Frankenstorm is coming: are you prepared?

Hurricane Sandy has already caused significant damage to the Caribbean islands and is on track to hit the Northwest parts of the United States as soon as Monday morning. To make matters worse, there is a winter storm in Sandy’s track and together, they could become the troublesome “Frankenstorm.”

As a major energy provider in Connecticut, Pennsylvania, New York, New Jersey and Massachusetts,  Direct Energy wants to ensure that people know how to safeguard their families, homes and businesses. Direct Energy is providing useful tips in helping prepare for possible flooding, severe weather, snow and avoiding electrical issues during the aftermath:

  • Stock non-perishable food supplies, a first aid kit, a battery-powered radio, flashlights, blankets and extra batteries in air-tight containers.
  • Remove fuses from air conditioning system to prevent damage.
  • Turn off water to prevent flooding from broken pipes.
  • Turn off gas to prevent leaks from occurring.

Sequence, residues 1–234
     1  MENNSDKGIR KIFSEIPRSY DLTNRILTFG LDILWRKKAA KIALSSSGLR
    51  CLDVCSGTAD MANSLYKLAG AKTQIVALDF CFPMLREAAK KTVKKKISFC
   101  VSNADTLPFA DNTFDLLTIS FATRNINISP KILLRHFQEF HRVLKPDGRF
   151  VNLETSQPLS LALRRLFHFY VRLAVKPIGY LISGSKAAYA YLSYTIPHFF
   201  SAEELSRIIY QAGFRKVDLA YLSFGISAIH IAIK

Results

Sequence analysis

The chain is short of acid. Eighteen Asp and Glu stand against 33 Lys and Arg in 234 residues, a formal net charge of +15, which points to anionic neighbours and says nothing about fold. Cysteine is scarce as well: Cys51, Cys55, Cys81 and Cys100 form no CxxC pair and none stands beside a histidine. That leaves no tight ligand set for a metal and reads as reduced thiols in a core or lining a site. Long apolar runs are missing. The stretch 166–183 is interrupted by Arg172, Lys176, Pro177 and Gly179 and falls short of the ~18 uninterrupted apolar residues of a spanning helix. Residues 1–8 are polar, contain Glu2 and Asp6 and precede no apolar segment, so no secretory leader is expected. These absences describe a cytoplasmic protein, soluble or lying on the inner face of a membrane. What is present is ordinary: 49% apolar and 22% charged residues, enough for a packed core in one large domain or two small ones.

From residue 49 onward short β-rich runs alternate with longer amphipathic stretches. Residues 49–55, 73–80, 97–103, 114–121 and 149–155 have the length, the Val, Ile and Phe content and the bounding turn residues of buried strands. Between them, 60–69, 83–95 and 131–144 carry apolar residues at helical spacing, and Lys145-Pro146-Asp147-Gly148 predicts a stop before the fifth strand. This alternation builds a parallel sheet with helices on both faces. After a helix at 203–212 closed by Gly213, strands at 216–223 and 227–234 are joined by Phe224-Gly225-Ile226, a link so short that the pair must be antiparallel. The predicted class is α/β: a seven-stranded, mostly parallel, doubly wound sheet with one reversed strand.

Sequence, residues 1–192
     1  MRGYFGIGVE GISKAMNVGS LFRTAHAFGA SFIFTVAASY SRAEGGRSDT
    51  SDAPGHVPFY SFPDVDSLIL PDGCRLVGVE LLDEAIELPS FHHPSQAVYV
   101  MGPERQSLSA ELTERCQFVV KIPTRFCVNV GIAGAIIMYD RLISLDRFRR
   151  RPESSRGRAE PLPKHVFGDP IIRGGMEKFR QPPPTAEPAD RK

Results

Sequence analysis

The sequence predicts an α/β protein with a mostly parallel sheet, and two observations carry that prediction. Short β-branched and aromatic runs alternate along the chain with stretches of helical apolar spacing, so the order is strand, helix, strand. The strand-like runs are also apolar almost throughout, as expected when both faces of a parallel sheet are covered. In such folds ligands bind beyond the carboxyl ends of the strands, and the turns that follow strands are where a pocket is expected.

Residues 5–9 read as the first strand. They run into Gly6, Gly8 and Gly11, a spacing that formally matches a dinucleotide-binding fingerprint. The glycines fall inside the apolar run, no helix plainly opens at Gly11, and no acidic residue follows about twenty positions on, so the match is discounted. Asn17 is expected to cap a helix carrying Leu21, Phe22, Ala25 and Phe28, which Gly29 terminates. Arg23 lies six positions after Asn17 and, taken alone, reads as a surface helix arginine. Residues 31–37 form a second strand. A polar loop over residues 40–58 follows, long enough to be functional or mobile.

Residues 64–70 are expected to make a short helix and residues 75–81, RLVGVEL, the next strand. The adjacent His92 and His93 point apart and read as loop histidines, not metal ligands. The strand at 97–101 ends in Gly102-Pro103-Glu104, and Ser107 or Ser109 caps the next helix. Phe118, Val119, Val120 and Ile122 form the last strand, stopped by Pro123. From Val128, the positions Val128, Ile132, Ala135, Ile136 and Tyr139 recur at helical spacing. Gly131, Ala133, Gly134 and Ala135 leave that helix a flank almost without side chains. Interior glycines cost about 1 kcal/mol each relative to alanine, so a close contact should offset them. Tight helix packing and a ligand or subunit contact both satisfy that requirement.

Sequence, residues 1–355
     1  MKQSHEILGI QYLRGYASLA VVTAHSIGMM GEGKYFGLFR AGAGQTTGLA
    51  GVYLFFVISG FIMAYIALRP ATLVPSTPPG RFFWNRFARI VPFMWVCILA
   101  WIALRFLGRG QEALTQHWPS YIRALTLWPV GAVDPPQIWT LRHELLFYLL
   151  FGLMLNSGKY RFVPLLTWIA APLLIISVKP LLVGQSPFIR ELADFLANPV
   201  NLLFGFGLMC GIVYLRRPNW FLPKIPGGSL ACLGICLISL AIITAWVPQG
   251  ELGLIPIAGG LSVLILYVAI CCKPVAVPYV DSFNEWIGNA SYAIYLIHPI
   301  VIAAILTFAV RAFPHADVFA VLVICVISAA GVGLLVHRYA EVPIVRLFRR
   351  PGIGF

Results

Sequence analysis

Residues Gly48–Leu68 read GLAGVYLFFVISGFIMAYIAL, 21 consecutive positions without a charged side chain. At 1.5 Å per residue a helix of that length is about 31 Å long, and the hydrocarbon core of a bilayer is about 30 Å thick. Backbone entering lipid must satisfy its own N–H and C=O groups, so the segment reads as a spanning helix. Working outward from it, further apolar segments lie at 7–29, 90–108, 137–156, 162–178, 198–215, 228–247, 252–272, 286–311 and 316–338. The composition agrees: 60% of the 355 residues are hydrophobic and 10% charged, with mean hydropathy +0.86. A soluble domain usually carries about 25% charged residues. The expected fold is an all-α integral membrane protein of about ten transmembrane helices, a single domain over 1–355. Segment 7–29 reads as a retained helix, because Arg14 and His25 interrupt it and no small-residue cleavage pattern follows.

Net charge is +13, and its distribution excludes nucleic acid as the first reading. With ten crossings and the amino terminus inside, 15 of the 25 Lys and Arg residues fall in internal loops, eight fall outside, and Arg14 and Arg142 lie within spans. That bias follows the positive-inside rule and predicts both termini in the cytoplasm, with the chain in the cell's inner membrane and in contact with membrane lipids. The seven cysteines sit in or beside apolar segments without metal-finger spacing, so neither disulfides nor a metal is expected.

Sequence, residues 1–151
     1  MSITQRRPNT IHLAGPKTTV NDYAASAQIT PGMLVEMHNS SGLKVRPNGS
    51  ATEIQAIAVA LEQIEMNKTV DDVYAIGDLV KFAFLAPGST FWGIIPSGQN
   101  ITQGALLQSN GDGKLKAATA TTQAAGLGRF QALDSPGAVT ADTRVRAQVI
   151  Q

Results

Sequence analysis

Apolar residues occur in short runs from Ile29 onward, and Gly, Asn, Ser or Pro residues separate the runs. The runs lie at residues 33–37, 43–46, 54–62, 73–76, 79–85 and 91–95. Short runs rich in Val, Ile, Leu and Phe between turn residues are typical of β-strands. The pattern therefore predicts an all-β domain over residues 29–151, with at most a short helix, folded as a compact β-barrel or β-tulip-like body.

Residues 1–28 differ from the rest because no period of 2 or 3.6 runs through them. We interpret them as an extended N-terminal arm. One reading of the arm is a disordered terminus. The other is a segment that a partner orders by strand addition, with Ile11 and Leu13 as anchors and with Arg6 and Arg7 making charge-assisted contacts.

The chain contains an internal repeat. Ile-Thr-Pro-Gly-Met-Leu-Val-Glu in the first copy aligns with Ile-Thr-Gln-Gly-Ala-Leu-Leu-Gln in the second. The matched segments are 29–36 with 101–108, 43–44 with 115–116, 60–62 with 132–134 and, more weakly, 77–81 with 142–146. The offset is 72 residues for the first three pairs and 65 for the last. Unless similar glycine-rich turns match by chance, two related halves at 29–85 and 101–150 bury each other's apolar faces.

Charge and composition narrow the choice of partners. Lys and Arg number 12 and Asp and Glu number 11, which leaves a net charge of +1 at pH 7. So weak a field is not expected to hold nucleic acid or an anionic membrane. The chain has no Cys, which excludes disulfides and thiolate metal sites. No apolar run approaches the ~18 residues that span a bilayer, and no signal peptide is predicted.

• Adjust refrigerator temperatures to the coldest settings to reduce the potential for food spoiling if the power is temporarily lost.
  • Have a non-electric analog telephone or a fully-charged cell phone available in case you need to make an emergency call during a power outage.
  • Turn off electricity at the main circuit breaker or fuse box to protect appliances from power surges.
  • Never use a generator indoors, including garages, basements and crawlspaces, even with ventilation. Exhaust fumes contain high levels of carbon monoxide which can be deadly if inhaled. Even when left outside, keep generators away from doors and windows, and at least 10 feet away from your home.
  • Do not use electrical or gas appliances that have been wet, and do not turn on damaged appliances because of the hazards of electric shock or fire.
  • Avoid unnecessary road travel while crews are out clearing roads. Anyone taking to the streets and highways should consult local traffic information systems to anticipate driving conditions and adjust speeds and driving accordingly.
  • If you live in an area that is frequently prone to flooding, stockpile emergency building materials, including plywood, plastic sheeting, lumber nails, hammer and saw, pry bar, shovels, and sandbags.

Most importantly, have an evacuation plan in place that you and your family can memorize easily. If time allows, be sure to practice the evacuation procedures before a true emergency occurs. This should contain the safest routes with several options, in case some choices are flooded out.

Should you lose power, here is a list of contacts you should have on hand. Write them down or program them into your cell phone as computer and/or landline access may be difficult when you lose power.